Landscapes of prayer for the environment in Indonesia are being transformed primarily through interventions of dedication and intent, and secondarily through structural form. Cases of observances of various forms of Muslim prayer, such as observances known as du’a, dhikr, and salawat are presented here by considering how a third term besides supplicant and deity, namely the natural world and its conditions, or “the environment,” comes to emerge or alternatively recede in changing landscapes of prayer. Expectations that prayer carry an intent, subject to the individual dedication of action, now coincide with an expanded array of options for dedication with respect to environmental change, both in the present and in the future.
Anna M. Gade
Anna M. Gade (Ph.D., University of Chicago Divinity School) is Vilas Distinguished Achievement Professor in the Nelson Institute for Environmental Studies at the University of Wisconsin-Madison, where she is also a faculty affiliate of Religious Studies and Asian Studies. She focuses on traditions of global Islam; trends in religious revitalization in Muslim Southeast Asia; theory and method in the academic study of religion; and, humanistic approaches to environmental studies. She is author of the books, Perfection Makes Practice: Learning, Emotion, and the Recited Qur'an in Indonesia (Honolulu: University of Hawai'i Press, 2004) and The Qur'an: An Introduction (Oxford, U.K.: Oneworld Publications, 2010). Her current research and publications treat Islam and ecology and comparative Muslim religious environmentalism in Asian perspective. She is currently completing a book manuscript under the working title, Islam and the Environment.
Posts by Anna M. Gade
Indonesia is one of the world’s most biodiverse regions, and it is one of the most severely threatened due to deforestation, sea temperature rise and acidification, and other impacts of resource extraction and environmental degradation. Indonesia is also vulnerable to disasters, like earthquakes; these disasters may also be intensified by human factors, as in the case of severe weather events that are linked to climate change.
Disaster brought both the beginning and the end of prayer to the slopes of Mt. Merapi, Java, when the volcano erupted in 2010. Conditions of chaos and re-established social order following the catastrophic eruption transformed key relations of religious dedication. Below I consider two examples: one documents prayer arising spontaneously in the context of environmental crisis, while the other relates of the end of a kind of prayer, or more specifically a mode of its dedication, also brought on as a result of the disaster.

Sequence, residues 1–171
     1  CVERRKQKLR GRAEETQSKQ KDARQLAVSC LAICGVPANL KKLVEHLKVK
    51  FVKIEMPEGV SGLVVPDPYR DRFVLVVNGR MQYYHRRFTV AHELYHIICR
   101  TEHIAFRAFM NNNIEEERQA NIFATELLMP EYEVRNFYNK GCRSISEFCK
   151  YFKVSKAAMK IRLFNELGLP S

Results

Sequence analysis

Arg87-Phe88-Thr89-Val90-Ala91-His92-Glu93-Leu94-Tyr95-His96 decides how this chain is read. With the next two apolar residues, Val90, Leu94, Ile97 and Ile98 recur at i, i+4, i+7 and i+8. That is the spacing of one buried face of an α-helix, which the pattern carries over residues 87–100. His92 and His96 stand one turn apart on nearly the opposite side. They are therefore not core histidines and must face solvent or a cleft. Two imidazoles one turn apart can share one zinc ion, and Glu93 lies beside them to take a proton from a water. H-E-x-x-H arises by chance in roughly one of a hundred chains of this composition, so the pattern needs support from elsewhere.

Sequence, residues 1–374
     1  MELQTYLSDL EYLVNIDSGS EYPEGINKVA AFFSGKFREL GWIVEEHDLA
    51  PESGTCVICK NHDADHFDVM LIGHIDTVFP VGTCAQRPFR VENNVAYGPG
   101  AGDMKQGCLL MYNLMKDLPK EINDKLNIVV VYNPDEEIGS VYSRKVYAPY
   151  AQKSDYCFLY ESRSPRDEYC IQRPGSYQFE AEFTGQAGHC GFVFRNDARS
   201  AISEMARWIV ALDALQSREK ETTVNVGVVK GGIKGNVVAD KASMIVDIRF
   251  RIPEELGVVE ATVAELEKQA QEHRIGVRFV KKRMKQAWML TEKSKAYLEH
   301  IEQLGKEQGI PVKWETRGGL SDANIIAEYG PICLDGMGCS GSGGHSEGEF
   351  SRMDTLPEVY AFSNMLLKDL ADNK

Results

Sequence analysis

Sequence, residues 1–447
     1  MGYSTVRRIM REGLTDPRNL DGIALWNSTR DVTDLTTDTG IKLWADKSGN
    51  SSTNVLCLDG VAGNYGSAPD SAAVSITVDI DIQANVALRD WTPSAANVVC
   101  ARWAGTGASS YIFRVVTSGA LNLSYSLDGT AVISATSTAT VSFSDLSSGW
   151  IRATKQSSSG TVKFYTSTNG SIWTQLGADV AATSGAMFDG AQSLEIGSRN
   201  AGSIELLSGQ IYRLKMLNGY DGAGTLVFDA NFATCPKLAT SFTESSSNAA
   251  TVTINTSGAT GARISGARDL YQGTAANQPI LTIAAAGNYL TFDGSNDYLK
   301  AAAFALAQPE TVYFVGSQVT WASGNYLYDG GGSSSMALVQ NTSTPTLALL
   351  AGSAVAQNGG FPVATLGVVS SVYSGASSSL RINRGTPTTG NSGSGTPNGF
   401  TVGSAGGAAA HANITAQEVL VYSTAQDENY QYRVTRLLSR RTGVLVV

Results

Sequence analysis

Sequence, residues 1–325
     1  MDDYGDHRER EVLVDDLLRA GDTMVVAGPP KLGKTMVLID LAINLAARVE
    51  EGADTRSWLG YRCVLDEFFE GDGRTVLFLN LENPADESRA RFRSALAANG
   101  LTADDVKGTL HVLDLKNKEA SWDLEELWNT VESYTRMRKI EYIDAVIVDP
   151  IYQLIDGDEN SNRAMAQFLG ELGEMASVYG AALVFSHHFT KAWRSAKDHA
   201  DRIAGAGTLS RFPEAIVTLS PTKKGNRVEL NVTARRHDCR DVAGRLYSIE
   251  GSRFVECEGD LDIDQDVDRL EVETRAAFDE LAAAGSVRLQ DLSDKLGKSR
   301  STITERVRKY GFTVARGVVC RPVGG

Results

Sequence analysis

In a trend I have seen developing in Indonesia for at least two decades, some Muslims in Indonesia have recast traditional devotional observances, salawat and dhikr, for non-traditional intents and purposes. Salawat are prayers of peace and blessings devoted to the Prophet Muhammad—a longstanding tradition with a Qur’anic support, which became increasingly popular in the “Islamic revival” since the 1990s (for explanation, see my book). This phenomenon would have been unexpected decades before, given historical controversy around the practice. Salawat has come now to be increasingly performed in new contexts and for public purposes, such as mass entertainment. While long carried out for instrumental ends, such as blessing a at a new baby’s naming ceremony, it was also now being observed for beneficial outcome in new contexts such as corporate functions and even, in one case I documented, as a way for a women’s mosque group to support the home soccer team to a win from up in the stands.
All of the cases show re-dedication of prayers by Muslims with respect to the environment within a landscape of multiple, even expanding options. One ritual had come to exclude agents of prayer with connection to the natural world, the mythic guardian spirit (who nevertheless still receives his new clothes and offerings every year). Coinciding with expectations that religious intention should become rationalized, the traditional forms of prayer associated with labuhan had been rendered as non-religious “culture,” while their identity as private devotion receded into domains of the inaccessible. As a response to the same event that precipitated social change of the labuhan, another form of prayer in the wake of disaster unexpectedly shifted boundaries of intent to include others (Christians) as purpose was reshaped by abrupt environmental change.